The health of your computer is just as much a matter of software as it is about hardware. As time goes by, a variety of tiny problems can accumulate – files get jumbled about, programs that aren’t updated experience slowdowns, undetected viruses bog down performance, and overall your computer will just feel sluggish compared to when it was new.

That’s why having a regular computer tuneup cycle is important, addressing these and many other concerns to ensure that your computer is in tiptop shape. Not only will your device be faster after a tuneup, it’ll also be better protected against data loss, as well as malicious software and intruders.

Having a professional do your computer tuneup is a great idea, but they often charge an arm and a leg for their services. If you’re up for it, you could try doing it yourself! The steps you need to take aren’t extremely complicated and most can be done with free software. All you’ll need is a little virtual elbow grease and some patience.

Here are some of the most important steps you should take when performing a DIY computer tuneup.

Backup your data

Before you do anything else, it’s important to create a backup of your files. Doing this won’t explicitly make your computer faster, but backing up your data is always important to any user of any device. Even if you avoid every possible freak accident or power surge, hard drives and other storage devices won’t last forever. It’s also especially important to back up before you make big changes to your computer – while this DIY guide won’t do anything too crazy, it’s better to be safe than sorry!

For your most essential files, consider following the industry 3-2-1 rule of backups:

Keep three backups, two on-site (such as at home), and one off-site (anywhere but home).

You could do manual backups onto an external drive or the cloud, but that can take up a lot of time, and if you miss or forget a backup cycle you could lose data. It’s better to use Windows’s onboard tools to keep regular copies of your files automatically.

To do this, fire up the Start Menu and click on the Settings icon, which is a little gear icon above the Power button to the lower left.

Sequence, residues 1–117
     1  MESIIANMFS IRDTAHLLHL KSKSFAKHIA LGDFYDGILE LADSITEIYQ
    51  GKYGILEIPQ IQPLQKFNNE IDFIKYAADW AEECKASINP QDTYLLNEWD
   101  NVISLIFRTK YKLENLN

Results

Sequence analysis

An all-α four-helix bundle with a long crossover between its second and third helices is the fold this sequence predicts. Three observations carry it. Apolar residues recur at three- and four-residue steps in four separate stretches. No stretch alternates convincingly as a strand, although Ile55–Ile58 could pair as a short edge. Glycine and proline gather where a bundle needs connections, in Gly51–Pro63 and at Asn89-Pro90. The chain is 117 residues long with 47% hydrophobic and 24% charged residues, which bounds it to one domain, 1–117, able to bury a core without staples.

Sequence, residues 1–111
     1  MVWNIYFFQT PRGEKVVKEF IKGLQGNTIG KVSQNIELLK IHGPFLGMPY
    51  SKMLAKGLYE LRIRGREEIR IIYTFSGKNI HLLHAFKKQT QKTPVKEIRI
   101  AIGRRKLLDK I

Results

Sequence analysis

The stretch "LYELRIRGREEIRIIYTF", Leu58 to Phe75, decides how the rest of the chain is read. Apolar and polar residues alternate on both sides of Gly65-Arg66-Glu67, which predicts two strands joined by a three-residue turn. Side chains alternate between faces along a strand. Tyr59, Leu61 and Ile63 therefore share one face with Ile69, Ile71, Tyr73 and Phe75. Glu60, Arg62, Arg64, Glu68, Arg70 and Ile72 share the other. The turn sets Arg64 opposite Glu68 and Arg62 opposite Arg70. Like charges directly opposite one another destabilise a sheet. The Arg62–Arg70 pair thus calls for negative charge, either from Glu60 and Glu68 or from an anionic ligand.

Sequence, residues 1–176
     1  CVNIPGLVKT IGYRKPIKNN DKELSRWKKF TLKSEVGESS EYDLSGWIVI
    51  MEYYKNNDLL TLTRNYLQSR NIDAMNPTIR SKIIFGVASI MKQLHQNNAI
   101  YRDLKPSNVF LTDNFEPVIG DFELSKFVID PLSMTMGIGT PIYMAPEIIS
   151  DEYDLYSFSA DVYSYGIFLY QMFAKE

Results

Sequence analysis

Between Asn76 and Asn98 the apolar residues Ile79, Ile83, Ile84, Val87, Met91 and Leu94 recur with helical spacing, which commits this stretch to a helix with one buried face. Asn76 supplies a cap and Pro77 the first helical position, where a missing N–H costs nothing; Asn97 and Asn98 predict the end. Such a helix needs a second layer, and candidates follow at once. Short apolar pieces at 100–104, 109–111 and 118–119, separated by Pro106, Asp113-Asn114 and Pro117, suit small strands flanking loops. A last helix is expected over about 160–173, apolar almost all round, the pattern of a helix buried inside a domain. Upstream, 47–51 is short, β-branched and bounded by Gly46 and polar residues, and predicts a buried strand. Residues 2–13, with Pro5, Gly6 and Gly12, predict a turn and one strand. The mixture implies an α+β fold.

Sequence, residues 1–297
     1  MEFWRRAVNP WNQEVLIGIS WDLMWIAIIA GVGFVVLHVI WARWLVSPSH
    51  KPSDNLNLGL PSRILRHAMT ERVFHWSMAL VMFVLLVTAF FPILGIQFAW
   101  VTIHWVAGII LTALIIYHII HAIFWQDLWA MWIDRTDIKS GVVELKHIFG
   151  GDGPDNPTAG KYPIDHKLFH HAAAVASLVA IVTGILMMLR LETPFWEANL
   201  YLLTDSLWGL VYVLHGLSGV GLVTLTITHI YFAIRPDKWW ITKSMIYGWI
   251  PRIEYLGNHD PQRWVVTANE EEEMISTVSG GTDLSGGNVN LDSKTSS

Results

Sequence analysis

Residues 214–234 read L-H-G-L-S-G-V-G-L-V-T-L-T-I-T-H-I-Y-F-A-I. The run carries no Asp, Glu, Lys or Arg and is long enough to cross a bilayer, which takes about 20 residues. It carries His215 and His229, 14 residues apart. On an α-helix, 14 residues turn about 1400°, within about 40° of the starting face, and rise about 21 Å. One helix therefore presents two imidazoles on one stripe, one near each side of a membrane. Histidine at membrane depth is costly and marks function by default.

From here, click on Update and Security, then select the “Backup” option on the sidebar.

Turn on the option labeled “Automatically back up my files,” then click “More options.”

You may customize your update frequency, folders to be backed up, and select a backup drive.

Update all your frequently used software

Really, ideally you should be updating all of your software, but just the frequently-used ones should be enough. Windows does this by itself in the background, but it’s helpful to check every once in a while. This is important because software updates might not only help speed up your PC, but may also contain patches that protect against security flaws. You can check if your installed software needs updating by using Kaspersky Free Software Updater.

Uninstall unused and unnecessary software

Programs you don’t use may sometimes have background processes that eat away at your PC’s performance. It’s difficult to tell whether a program is running in the background if you’re not experienced, so just to be safe, it’s best to uninstall software that you no longer use. You’ll free up disk space and peace of mind as well.

One great way to do this automatically is to use the software PC Decrapifier, which can help you remove programs that are known to slow your PC down without being particularly useful.

Fix your startup items

A lot of little programs automatically start up along with your operating system whenever you boot your PC. You should check on these and make sure that only the ones you really need are on the startup list. Having a lot of startup items not only slows down the time it takes to turn your PC on, but they could be running in the background and slow down your PC if left unchecked.